I believe that the really short answer is that Linux compilers arrange code into pieces, at least one of which is just pure code, and can therefore be memory mapped into more than one process' address space. Any globals get mapped such that each process gets its own copy.
You can see this using
readelf gives a clearer picture, I think.
Here's a piece of output from
readelf -e /usr/lib/libc.so.6. That's the C library, probably mapped into almost every process. The relevant part of
readelf output (although all of it is interesting) is the Program Headers:
Type Offset VirtAddr PhysAddr FileSiz MemSiz Flg Align
PHDR 0x000034 0x00000034 0x00000034 0x00140 0x00140 R E 0x4
INTERP 0x164668 0x00164668 0x00164668 0x00017 0x00017 R 0x4
[Requesting program interpreter: /usr/lib/ld-linux.so.2]
LOAD 0x000000 0x00000000 0x00000000 0x1adfc4 0x1adfc4 R E 0x1000
LOAD 0x1ae220 0x001af220 0x001af220 0x02c94 0x057c4 RW 0x1000
DYNAMIC 0x1afd90 0x001b0d90 0x001b0d90 0x000f8 0x000f8 RW 0x4
NOTE 0x000174 0x00000174 0x00000174 0x00044 0x00044 R 0x4
TLS 0x1ae220 0x001af220 0x001af220 0x00008 0x00048 R 0x4
GNU_EH_FRAME 0x164680 0x00164680 0x00164680 0x06124 0x06124 R 0x4
GNU_STACK 0x000000 0x00000000 0x00000000 0x00000 0x00000 RW 0x10
GNU_RELRO 0x1ae220 0x001af220 0x001af220 0x01de0 0x01de0 R 0x1
The two LOAD lines are the only pieces of the file that get mapped directly into memory. The first LOAD header maps a piece of
/usr/lib/libc.so.6 into memory with R and E permissions: read and execute. That's the code. Hardware features keep a program from writing to that piece of memory, so all programs can share the same pages of real, physical memory. The kernel can set up the hardware to map the same physical memory into all processes.
The second LOAD header is marked RW - read and write. This is the part with global variables that the C library uses. Each process gets its own copy in physical memory, mapped into that process' address space with the hardware permissions set to allow reading and writing. That section is not shared.
You can see these memory mappings in a running process using the
/proc file system. A good command to illustrate:
cat /proc/self/maps. That lists all the memory mappings that the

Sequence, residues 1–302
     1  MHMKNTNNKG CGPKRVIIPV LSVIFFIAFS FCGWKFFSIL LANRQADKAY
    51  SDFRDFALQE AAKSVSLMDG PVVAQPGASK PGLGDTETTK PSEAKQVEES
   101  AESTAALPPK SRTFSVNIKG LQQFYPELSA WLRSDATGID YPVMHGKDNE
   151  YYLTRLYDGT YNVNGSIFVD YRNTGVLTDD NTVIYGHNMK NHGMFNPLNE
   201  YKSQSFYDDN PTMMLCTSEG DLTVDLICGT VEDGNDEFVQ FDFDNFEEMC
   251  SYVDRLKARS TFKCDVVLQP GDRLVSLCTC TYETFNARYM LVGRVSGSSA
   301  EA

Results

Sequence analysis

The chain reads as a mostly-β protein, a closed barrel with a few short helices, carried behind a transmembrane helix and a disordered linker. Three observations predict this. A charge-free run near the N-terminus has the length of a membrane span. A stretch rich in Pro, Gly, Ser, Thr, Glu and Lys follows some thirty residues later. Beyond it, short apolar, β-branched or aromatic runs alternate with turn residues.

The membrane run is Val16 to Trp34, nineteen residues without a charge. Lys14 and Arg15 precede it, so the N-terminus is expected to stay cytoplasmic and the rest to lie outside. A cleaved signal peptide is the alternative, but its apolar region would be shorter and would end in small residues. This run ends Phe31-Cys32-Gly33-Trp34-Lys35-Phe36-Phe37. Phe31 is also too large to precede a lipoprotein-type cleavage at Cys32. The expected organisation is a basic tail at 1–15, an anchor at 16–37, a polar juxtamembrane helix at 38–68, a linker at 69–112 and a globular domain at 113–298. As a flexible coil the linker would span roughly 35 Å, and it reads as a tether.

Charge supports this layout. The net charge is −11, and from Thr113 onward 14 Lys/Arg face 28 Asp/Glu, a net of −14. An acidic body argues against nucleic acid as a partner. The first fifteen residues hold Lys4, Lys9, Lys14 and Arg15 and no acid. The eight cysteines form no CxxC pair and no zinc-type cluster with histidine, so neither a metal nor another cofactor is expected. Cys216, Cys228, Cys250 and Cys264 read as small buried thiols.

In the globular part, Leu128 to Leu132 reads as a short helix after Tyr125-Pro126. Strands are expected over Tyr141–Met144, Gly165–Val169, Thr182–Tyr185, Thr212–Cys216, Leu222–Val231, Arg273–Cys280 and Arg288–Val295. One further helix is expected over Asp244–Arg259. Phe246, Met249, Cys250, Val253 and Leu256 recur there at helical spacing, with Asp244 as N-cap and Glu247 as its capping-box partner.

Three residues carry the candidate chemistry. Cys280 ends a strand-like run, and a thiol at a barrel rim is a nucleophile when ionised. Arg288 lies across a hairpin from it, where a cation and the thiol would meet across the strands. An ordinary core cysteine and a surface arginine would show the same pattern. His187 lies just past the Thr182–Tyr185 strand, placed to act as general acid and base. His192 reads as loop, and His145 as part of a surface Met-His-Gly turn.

cat process has, and from what files the kernel got them.
As far as how much you have to do to ensure that your function is allocated to memory that gets mapped into different processes, it's pretty much all down to the flags you give to the compiler. Code intended for ".so" shared libraries is compiled "position independent". Position independent code does things like refer to memory locations of variables with offsets relative to the current instruction, and jumps or branches to locations relative to the current instruction, rather than loading from or writing to absolute addresses, and jumping to absolute addresses. That means the "RE" LOAD piece of
/usr/lib/libc.so and the "RW" piece only have to have be loaded at addresses that are the same distance apart in each process. In your example code, the
static variable will always be at least a multiple of a page size apart from the code that references it, and it will always get loaded that distance apart in a process' address space due to the way the LOAD ELF headers are given.
Just a note about the term "shared memory": There's a user-level shared memory system, associate with "System V interprocess communications system". That's a way for more than one process to very explicitly share a piece of memory. It's fairly complicated and obscure to set up and get correct. The shared memory that we're talking about here is more-or-less completely invisible to any user process. Your example code won't know the difference if it's running as position independent code shared between multiple processes, or if it's the only copy ever.